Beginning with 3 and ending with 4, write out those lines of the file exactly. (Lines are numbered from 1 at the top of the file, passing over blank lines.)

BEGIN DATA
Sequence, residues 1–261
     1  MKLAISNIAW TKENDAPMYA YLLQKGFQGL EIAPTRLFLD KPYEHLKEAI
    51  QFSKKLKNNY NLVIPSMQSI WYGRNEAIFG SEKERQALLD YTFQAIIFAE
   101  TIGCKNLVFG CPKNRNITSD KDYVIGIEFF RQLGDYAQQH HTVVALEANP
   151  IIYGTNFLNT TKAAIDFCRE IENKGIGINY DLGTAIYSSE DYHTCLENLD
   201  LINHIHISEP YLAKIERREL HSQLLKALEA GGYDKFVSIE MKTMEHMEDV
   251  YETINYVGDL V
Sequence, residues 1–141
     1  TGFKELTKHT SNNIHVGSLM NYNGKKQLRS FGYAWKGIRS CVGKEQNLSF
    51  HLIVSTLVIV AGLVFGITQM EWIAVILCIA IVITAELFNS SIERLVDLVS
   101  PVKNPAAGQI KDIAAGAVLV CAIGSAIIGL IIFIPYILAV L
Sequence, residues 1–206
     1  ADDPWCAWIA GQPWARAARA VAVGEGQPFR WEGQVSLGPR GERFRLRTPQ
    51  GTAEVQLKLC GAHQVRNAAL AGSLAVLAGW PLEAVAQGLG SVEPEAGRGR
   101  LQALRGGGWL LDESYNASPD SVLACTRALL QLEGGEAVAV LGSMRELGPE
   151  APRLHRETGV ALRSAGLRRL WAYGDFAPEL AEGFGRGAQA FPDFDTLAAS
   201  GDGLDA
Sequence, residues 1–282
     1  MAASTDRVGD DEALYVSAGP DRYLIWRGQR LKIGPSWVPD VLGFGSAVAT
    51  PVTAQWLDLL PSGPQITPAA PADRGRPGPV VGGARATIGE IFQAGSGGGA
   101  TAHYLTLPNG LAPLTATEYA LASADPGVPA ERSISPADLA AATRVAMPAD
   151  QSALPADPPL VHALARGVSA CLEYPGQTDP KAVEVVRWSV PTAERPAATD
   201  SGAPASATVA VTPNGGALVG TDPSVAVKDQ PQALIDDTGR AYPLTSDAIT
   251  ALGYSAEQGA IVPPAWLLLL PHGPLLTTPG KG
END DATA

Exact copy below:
    51  QFSKKLKNNY NLVIPSMQSI WYGRNEAIFG SEKERQALLD YTFQAIIFAE
   101  TIGCKNLVFG CPKNRNITSD KDYVIGIEFF RQLGDYAQQH HTVVALEANP